Gov. Ricketts says Medicaid expansion not feasible during pandemic

Local News

Nebraska Gov. Pete Ricketts speaks during a news conference in Lincoln, Neb., Monday, March 16, 2020, where he outlined the latest steps taken in response to the coronavirus pandemic. (AP Photo/Nati Harnik)

LINCOLN, Neb. (KCAU) – During Governor Pete Ricketts’ daily COVID-19 update, he said Medicaid expansion isn’t feasible during the COVID-19 pandemic.

Ricketts said Medicaid expansion would require a massive software overhaul as well as a need for new providers to be found and that would detract from COVID-19 control efforts.

The hurdle comes as the population that would be served with a Medicaid expansion would be drastically different than the population of mainly women and children being served now, Ricketts said. Several new people would also need to be hired to handle the influx of business.

Ricketts said Nebraska prisons have no plans of releasing inmates early due to COVID-19 as it presents a second public safety issue in addition to the virus. He said a plan is developed to control a COVID-19 outbreak in prisons if it happens.

Ricketts announced a new Directed Health Measure (DHM) will be released later Wednesday to Dodge, Saunders, and Lancaster counties effective through April 30.

A DHM is already in place for Douglas county.

Under the DHM, Lincoln restaurants will be restricted to drive-thru and takeout services only, though several have already altered their services due to recommendations.

Elective surgeries will also be suspended under the DHM to preserve personal protective equipment, ventilators, rooms and staff for fighting COVID-19.

Ricketts announced the signing of an Executive Order to suspend the evictions of people impacted by COVID-19. The order is effective from March 13 through May 31.

Ricketts said the order does not apply to criminals or vandals who pose a health and safetly risk to communities.

The American Red Cross was hosted during the conference to highlight the “urgent need to donate blood” during this pandemic. Blood drives have been deemed an essential service and are still encouraged by health officials.


The Nebraska Department of Health and Human Services (DHHS) said over 80% of confirmed cases in the state are either travel related or close contacts of someone who recently traveled.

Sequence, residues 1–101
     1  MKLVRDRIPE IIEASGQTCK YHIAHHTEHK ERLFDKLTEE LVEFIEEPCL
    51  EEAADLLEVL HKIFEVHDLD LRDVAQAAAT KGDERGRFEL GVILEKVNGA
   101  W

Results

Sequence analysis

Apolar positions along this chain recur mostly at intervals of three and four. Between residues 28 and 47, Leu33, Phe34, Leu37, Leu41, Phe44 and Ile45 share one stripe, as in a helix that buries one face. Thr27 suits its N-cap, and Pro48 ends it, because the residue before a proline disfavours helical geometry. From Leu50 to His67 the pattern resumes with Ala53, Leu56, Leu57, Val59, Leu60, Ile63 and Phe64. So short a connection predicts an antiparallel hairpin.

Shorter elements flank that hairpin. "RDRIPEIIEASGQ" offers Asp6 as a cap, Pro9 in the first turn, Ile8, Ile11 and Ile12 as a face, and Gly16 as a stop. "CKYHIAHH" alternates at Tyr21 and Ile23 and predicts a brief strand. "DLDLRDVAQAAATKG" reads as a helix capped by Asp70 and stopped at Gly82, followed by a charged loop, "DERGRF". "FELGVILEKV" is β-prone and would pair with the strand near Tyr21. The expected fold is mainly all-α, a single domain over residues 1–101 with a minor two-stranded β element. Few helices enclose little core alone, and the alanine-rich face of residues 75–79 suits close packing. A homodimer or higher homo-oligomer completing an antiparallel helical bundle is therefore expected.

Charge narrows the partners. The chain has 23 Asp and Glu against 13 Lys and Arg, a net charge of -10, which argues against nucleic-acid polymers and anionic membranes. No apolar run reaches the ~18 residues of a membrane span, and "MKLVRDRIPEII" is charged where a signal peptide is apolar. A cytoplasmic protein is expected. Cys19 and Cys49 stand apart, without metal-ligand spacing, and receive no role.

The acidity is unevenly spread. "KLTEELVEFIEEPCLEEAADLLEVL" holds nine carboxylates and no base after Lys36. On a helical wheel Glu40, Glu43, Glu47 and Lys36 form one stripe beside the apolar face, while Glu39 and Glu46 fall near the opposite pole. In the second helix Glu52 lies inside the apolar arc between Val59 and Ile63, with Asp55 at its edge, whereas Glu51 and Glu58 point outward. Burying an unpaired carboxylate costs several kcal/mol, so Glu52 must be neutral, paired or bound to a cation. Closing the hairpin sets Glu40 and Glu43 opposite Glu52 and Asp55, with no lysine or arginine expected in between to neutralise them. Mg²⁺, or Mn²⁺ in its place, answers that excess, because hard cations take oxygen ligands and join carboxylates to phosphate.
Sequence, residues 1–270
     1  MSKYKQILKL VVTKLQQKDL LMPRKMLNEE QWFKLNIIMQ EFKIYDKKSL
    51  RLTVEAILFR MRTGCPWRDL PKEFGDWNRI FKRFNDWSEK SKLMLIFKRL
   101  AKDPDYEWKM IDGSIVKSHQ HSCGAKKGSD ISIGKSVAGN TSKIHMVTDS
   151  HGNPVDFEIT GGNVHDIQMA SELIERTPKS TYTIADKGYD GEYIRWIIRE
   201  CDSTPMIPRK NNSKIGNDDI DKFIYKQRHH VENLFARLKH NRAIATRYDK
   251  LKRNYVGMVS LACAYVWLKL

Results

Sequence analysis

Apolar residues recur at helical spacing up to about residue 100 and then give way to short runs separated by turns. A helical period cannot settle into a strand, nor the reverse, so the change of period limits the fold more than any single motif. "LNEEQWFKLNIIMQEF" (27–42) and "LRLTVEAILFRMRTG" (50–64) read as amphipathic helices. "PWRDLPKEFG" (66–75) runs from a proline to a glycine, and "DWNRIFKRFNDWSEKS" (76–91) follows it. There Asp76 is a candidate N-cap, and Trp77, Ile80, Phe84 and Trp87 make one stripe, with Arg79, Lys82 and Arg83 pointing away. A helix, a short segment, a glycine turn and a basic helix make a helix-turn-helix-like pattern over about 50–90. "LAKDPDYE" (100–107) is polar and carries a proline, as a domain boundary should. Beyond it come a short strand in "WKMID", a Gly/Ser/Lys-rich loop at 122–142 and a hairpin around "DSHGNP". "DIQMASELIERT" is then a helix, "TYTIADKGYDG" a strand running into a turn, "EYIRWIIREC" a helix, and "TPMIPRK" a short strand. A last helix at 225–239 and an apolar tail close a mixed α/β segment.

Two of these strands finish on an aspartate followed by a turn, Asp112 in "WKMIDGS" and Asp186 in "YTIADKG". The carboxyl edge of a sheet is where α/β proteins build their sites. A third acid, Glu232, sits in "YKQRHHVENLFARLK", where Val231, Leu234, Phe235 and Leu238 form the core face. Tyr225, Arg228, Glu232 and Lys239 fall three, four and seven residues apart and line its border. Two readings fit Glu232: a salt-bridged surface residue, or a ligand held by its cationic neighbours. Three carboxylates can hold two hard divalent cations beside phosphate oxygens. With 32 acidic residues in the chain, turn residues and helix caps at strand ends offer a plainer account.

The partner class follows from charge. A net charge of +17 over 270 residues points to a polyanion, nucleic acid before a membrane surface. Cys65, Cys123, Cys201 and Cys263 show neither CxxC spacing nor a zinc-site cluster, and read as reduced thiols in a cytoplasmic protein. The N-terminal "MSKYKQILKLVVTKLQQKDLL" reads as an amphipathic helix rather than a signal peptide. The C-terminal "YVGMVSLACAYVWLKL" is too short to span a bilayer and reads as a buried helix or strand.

The DHHS released the following recommendations for travelers returning to Nebraska to limit the spread of COVID-19

  • Returning international travelers from regions with widespread sustained transmission should self-quarantine for 14 days following return.
  • Widespread local transmission is occurring in many regions of the U.S., and may be unrecognized and under-reported due to limited testing. Returning travelers from regions of the U.S. with widespread transmission should self-quarantine for 14 days following return. Examples of these areas are Santa Clara County, CA; New York City, NY; and Seattle, WA. With continued widespread transmission across the U.S., these areas of widespread transmission may change over time.
  • Any returning traveler who develops fever or respiratory illness symptoms, should immediately self-isolate, and report to a healthcare provider if symptoms are severe or medical attention is needed (calling ahead, when possible). If symptoms are mild, follow home care guidance and guidance to discontinue self-isolation.
  • Every health care worker who returns from out-of-state travel (excluding commuters who are driving across state lines for work, for example – Omaha to Council Bluffs) should consult with a trained medical professional at their facility and establish a specific infection control protocol (like, PPE while at work, self-monitoring, or self-quarantine) that mitigates patient and co-worker exposures. Special considerations should be taken for those working with high-risk patients
  • Other out-of-state travelers (excluding commuters who are driving across state lines for work) returning from any other international or domestic locations, should limit public interactions, practice strict social distancing, self-monitor for symptoms, and self-quarantine for 14 days if feasible.
  • Discontinuation from self-quarantine and self-monitoring may cease if after 14 days there has been no development of respiratory illness symptoms, which may include: fever, cough, shortness of breath, sore throat, runny nose.
  • CDC guidance states that an individual can stop self-isolation if it has been at least seven days since symptoms first appeared, no fever has been present for at least 72 hours without fever-reducing medicine, and all other symptoms have improved.

The CDC said that most COVID-19 illnesses are mild, but about 16% of cases are serious. Older people or those with underlying health conditions are most at risk of developing a serious illness.

Symptoms for the virus include fever, cough and shortness of breath. They occur 2-14 days after exposure. Anyone that develops the symptoms and has been in contact with some who has the virus or has recently traveled from where the virus is widespread is asked to see a doctor.

To help prevent the spread, people are asked to do the following:

  • Wash their hands often
  • Avoid close contact
  • Stay home if sick
  • Cover coughs and sneezes
  • Clean and disinfect
  • Avoid touching your eyes, nose and mouth

Below are various health organizations with information on COVID-19.

Copyright 2020 Nexstar Broadcasting, Inc. All rights reserved. This material may not be published, broadcast, rewritten, or redistributed.

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